I recently had a reading with Mary Ellen Flora at the CDM Spiritual Center in Everett, Washington. Yes, I occasionally GET readings rather than give them. It was a wonderful experience. During the course of the reading, I realized how much anger I had squashed down over the duration of my lifetime. I needed to allow my anger to run for a couple of reasons. First, as a healing to release all that old bottled up gunk and second to validate how my body was feeling in the present.
The neat thing is that this could be done all at one time! I knew that if I sat down and ran my own anger through my space while focused in the present, it would have the added benefit of allowing me to clear out the old anger I’d stuffed down and had been unconsciously packing around for years.
When I settled into my meditation – ready to really let my anger run – I thought I was prepared. I was ready to clear away the beliefs about not wanting to broadcast or “throw” my anger. The one about nice people (not even just nice girls – but nice people) don’t experience or express anger. Even the ones that had some version of “anger is bad and if you have anger that means YOU are bad.” All of these things eventually surfaced for me to clear, but I was not prepared for my body’s initial reaction.
The conversation went something like this:
Me: Okay, body – let’s run that anger.
Body: What anger?
Me: All the anger, everything from when I was a little kid to last week.
Body: No…, I don’t think so. That doesn’t seem like a very good idea. Nope. Don’t think I want to do that.
Me (totally flabbergasted): What? Why?
Body: Are you crazy? Have you LOOKED at that bubbling mass? Nope – not a wise idea at all. Thank you.
I felt like Gandalf being “good-morninged” by Bilbo Baggins at the beginning of The Hobbit. “No adventures here, thank you very much.” I’d not counted on my body taking one look at the level of anger I wanted to process and responding with not just fear, but stark terror.
To my credit, I didn’t force the issue. Instead, I took my body’s advice and actually looked at my anger. The first thing I noticed was that it was the “wrong” color. This is actually silly because there is no right or wrong color for anything – it is precisely the color it needs to be for me to process it. However, anger – including my anger – typically shows up as a true fire engine red.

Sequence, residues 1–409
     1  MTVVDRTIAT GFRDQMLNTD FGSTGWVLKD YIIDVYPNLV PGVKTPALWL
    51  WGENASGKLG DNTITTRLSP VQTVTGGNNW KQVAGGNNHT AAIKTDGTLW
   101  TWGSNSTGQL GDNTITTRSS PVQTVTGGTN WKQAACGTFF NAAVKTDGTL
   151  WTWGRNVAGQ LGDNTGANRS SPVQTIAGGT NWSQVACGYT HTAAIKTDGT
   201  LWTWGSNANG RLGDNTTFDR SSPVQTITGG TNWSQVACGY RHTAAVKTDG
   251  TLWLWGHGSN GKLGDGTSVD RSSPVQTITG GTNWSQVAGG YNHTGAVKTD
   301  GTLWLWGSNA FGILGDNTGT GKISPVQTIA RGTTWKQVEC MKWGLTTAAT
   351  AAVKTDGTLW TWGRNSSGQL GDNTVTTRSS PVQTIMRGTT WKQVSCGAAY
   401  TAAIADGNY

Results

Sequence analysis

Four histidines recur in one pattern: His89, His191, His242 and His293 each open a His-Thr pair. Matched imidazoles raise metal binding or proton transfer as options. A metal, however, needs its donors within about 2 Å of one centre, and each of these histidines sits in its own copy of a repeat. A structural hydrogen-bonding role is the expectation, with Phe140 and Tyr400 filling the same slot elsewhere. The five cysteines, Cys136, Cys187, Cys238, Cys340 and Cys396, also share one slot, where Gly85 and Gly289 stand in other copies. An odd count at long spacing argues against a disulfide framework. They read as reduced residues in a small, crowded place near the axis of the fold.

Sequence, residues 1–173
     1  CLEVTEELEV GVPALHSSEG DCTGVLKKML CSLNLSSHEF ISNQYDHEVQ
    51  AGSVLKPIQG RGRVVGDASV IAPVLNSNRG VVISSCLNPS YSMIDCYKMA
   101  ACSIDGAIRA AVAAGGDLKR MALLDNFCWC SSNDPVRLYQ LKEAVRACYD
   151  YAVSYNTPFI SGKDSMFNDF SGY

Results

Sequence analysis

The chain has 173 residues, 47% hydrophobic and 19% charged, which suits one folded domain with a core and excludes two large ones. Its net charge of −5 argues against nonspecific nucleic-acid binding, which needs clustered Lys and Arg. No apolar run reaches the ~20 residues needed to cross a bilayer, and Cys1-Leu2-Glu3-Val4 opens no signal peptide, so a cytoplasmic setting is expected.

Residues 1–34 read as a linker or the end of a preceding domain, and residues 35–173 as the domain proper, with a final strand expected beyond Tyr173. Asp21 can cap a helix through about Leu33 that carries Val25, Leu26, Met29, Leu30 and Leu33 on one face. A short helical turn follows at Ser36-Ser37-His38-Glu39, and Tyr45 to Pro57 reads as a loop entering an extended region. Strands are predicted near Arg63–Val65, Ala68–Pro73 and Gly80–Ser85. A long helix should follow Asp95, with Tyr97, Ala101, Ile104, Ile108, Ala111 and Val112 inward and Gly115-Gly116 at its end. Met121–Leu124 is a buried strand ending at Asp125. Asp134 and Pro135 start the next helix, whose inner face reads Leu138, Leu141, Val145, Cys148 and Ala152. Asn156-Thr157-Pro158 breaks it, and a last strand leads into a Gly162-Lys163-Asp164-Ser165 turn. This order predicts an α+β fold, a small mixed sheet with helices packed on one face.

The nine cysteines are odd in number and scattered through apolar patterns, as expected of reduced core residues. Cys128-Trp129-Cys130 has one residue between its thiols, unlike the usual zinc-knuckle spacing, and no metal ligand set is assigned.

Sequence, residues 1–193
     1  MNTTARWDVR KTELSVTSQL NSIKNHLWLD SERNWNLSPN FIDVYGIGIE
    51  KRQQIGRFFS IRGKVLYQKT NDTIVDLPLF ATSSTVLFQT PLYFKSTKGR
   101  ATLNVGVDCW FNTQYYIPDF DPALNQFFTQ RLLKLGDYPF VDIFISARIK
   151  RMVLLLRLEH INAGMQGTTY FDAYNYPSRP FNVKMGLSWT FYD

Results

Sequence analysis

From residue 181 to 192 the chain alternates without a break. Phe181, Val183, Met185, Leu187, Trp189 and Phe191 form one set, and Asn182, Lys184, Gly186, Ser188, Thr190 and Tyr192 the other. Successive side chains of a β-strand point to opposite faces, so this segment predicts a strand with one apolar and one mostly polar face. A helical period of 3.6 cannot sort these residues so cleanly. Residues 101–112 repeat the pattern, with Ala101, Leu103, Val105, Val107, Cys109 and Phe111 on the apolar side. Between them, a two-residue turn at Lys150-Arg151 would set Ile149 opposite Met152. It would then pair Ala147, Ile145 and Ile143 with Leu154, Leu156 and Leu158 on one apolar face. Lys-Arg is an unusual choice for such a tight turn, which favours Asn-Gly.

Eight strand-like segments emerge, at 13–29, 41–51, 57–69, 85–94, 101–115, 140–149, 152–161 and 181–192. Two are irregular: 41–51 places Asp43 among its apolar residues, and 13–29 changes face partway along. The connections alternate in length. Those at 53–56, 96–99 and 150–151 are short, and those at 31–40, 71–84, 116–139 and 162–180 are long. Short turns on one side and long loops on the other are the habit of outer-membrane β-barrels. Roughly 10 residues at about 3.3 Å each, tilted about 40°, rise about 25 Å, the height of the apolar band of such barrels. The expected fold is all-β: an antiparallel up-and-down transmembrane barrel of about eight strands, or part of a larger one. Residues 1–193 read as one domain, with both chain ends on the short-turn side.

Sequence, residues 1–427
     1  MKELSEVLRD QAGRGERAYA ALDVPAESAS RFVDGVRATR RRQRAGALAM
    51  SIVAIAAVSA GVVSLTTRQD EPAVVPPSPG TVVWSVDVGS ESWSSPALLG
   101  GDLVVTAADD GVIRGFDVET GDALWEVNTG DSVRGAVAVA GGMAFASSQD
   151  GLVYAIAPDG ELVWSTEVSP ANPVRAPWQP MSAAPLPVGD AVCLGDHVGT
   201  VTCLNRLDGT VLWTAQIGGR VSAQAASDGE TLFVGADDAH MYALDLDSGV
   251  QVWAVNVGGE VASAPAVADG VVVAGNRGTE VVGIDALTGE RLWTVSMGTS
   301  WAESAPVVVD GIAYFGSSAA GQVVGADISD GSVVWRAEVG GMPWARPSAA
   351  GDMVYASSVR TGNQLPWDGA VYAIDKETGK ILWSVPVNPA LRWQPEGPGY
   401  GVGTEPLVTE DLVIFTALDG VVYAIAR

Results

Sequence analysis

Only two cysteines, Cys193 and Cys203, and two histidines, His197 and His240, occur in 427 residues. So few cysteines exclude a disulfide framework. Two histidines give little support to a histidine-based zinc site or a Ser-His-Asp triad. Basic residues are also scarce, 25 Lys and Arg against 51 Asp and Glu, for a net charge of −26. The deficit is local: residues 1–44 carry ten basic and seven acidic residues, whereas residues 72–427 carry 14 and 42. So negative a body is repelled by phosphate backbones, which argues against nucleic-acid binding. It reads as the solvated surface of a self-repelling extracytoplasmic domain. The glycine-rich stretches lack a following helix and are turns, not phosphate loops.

What I saw was deeper and darker – a red with a purple/blue cast – like arterial blood. I don’t really have a name for the emotion. It was beyond anger; even beyond rage. It was visceral, and there was a whole lot of it. No wonder my body was afraid.
The first thing I had to do was remember that all of this was mine. If it was mine, I could process it – I could release it. Using a variety of meditation techniques, I clamed my body and started to release the terror. I eventually realized that what was scaring my body was the level of violence (and hate) embedded within my anger – some directed at others, and a great deal of it directed toward myself. It was all there – bubbling and boiling under the surface ready to spew.
Over the course of the next several days, I started to drain away the things that weren’t actually anger – the impulse toward violence and the hate that went along with it. I also used other techniques to bring the experiences that initially caused the anger into the present to clear away. Eventually, I was able to have another conversation with my body about running anger. The answer was, “Okay, but only a bit at a time.”
That was the start. Now my anger is running more consistently and I am continuing to use it to process old, stored pain. It is, indeed, a healing when combined with a focus on the many things I want to forgive. I figure this whole project will take me a while (years).
The process of starting to run my anger taught me several things. The main one is that if I really want to enhance my relationship with my body – say by acknowledging old pain and anger and forgiving myself – I need to pay attention to how my body responds to my spiritual actions and then make any necessary adjustments to accommodate what my body needs to effectively make the change. Working together is much more effective than just plowing ahead.